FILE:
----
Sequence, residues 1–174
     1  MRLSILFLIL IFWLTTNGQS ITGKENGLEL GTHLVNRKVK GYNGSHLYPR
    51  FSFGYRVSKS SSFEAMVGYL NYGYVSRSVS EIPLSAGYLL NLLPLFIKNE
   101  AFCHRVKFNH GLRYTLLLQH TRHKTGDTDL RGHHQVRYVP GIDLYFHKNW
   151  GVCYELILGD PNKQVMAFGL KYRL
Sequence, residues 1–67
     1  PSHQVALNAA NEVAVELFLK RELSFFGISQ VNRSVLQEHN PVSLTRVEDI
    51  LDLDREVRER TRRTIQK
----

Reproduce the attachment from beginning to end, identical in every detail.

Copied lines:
Sequence, residues 1–174
     1  MRLSILFLIL IFWLTTNGQS ITGKENGLEL GTHLVNRKVK GYNGSHLYPR
    51  FSFGYRVSKS SSFEAMVGYL NYGYVSRSVS EIPLSAGYLL NLLPLFIKNE
   101  AFCHRVKFNH GLRYTLLLQH TRHKTGDTDL RGHHQVRYVP GIDLYFHKNW
   151  GVCYELILGD PNKQVMAFGL KYRL
Sequence, residues 1–67
     1  PSHQVALNAA NEVAVELFLK RELSFFGISQ VNRSVLQEHN PVSLTRVEDI
    51  LDLDREVRER TRRTIQK